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Sky Sports' Johnny Phillips: Fans are back, and so are football’s wind-up kings

The glorious return of supporters to football stadiums has resurrected one football’s most spontaneous and often confrontational sights: the goal scorer’s celebration in front of opposition fans is back.

Everton's Dominic Calvert-Lewin (right) celebrates scoring
Everton's Dominic Calvert-Lewin (right) celebrates scoring

After a fortnight of Premier League football, with all its accompanying footage, it is comforting to know that our footballers still retain that ability to send thousands of fans into apoplexy at any given time.

One moment stood out last weekend. As Dominic Calvert-Lewin prepared to take a penalty in front of Leeds United’s supporters in the Don Revie Stand, he was confronted with an array of distractions behind the goal, including a portly gentleman bearing his sizeable stomach in an attempt to put off the Everton striker.

Calvert-Lewin expertly dispatched the penalty and then pulled off three of the most familiar moves of the celebration genre: putting his lips to his mouth as he ran past the home support, then turning round to point to the name on the back of his shirt before finishing with a knee slide by the corner flag.

To borrow from Alan Partridge, needless to say he had the last laugh.

Nobody likes seeing a goal go in against their team but, deep down, football fans know the rules. If you dish out, you have to take it back. It is in these moments that the stills camera can capture priceless images. Frozen in time, that contrast between the glee of the goal scorer and rage of the opposing supporters.

Occasionally, in amongst the anger and gesticulating fury in the stands there will be a smiling fan, acknowledging the chutzpah of the goalscorer.

Jamie Vardy has taken on the mantle of wind-up merchant supreme in today’s Premier League. His modus operandi is the cupped ear. There is nothing particularly imaginative about this. It is very much the stock gesture, alongside the finger to the lips. But in terms of effectiveness it does the job.

Every now and then, though, as Wolves fans discovered a fortnight ago, the Leicester City forward will tailor-make his routine. After scoring the only goal of the game at the King Power Stadium, he headed over to the visiting Wanderers fans and imitated a howling wolf. It was nearly up there with his flapping eagle routine in front of Crystal Palace fans a few years ago. Only a sourpuss could fail to admire the humour.

Vardy has this uncanny knack of finding the opposition’s fans without obviously appearing to detour from his celebration run. There is a cunning skill in all this. As if scoring in the Premier League was not hard enough, Vardy manages to arrive in front of the other team’s fans with unerring precision.

If the scorer clearly deviates from his expected celebratory route, then that definitely crosses into the territory of unnecessary goading. Back in September 2009, after swapping Arsenal for Manchester City in a £25million move, Emmanuel Adebayor faced his former club for the first time at his new home.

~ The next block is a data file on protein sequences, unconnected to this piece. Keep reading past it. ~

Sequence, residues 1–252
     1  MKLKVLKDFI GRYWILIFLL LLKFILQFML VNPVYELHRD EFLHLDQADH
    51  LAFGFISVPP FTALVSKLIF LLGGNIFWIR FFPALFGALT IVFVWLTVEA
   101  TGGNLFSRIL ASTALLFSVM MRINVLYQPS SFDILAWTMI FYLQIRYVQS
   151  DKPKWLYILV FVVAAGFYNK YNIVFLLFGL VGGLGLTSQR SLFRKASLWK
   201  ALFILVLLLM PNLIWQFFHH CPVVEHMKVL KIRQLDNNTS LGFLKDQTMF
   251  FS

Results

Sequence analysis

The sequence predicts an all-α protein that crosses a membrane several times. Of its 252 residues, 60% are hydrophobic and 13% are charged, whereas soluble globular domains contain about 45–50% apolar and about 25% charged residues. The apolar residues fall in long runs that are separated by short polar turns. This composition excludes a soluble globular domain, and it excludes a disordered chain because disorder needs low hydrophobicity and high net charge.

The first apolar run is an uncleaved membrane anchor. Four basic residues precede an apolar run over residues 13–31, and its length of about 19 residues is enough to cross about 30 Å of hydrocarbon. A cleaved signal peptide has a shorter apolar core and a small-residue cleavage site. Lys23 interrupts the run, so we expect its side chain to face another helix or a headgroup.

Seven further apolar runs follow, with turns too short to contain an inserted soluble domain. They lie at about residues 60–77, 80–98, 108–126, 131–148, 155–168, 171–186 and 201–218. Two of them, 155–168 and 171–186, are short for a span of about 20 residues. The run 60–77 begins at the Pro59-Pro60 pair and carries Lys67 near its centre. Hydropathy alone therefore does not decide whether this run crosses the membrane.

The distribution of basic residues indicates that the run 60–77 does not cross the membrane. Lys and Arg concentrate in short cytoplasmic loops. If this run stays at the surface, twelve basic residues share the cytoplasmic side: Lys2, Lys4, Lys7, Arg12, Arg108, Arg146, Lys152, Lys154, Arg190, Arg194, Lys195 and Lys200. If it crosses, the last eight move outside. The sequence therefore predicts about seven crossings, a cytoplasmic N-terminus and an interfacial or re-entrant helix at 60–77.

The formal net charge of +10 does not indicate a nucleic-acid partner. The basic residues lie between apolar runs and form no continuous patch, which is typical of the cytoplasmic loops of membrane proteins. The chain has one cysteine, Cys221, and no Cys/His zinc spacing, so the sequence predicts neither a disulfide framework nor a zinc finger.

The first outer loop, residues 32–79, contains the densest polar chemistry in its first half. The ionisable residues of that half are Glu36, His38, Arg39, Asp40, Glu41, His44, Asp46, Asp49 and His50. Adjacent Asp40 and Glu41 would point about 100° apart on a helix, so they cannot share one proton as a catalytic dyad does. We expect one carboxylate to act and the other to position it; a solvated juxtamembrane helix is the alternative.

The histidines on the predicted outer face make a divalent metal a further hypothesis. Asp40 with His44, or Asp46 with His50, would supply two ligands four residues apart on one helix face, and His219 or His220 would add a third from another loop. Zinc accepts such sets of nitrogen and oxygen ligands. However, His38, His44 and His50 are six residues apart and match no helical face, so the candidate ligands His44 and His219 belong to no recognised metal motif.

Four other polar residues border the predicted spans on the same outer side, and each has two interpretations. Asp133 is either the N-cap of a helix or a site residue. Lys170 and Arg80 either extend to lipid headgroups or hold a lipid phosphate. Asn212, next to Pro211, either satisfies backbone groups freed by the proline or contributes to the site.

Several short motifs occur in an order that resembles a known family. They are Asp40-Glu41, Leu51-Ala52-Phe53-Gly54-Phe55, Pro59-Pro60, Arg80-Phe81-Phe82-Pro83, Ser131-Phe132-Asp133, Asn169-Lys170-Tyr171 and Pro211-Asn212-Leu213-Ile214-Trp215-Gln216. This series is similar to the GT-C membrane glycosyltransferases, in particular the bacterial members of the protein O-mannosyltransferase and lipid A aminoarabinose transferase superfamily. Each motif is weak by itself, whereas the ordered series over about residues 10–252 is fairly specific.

The visiting Arsenal fans baited their former forward mercilessly throughout so when he inevitably scored, in the 80th minute, the opportunity surely presented itself for a dig back.

Only it didn’t, as the goal went in at the opposite end from the Arsenal fans. But like a man possessed, Adebayor set off on a hundred-yard dash to the visitors’ section, before knee-sliding in front of the Gunners faithful.

“I should have not done that, but the emotions took over me,” said an apologetic Adebayor in his post-match interview, clearly seeking to get his retaliation in first before the Football Association stepped in with a disrepute charge. “The frustration is out of me and I feel sorry for what I have done,” he continued. “But as a player I am free.”

The FA did not share such a spiritual view, whacking him with a suspended two-match ban and a £25,000 fine for “improper conduct”.

Adebayor was certainly a victim of the modern Premier League era. We are in the age where there is forensic analysis of every step a footballer takes.

It was not always so. When European football’s two great teams of the mid-Eighties, Liverpool and Everton, went tooth and nail for the 1986/87 league title, the two teams met at Anfield with five games of the season remaining. With Everton trailing 1-0, their free-kick wizard Kevin Sheedy launched a thunderbolt from 25 yards into the top corner at the Kop end. The Irishman was one of the Toffees’ more mild-mannered individuals, so what happened next was perhaps more eye-opening.

Without breaking stride he continued on an arcing run, saluting the Kop with a wave and then a flick of the Vs before repeating the gesture to an equally aghast home support in the Kemlyn Road Stand on his way back to the halfway line. Search it out on YouTube, you won’t be disappointed. The game’s authorities did not bat an eyelid.

Context is everything during a goal celebration. Sheedy’s phenomenal strike came during the inferno of a title run-in between two great city rivals. Some goals just don’t justify a nod to the opposing fans. When Jack Grealish got off the mark for his new club, Manchester City, last weekend right in front of the visiting Norwich City fans, he was simply too embarrassed to acknowledge them. After all, a goal scored via an accidental ricochet off the knee during a 5-0 rout is one to forget.

All players will tell you that nothing beats celebrating goals with their own supporters. But there are undoubtedly some who enjoy the less welcome attention of their foes in the stands.

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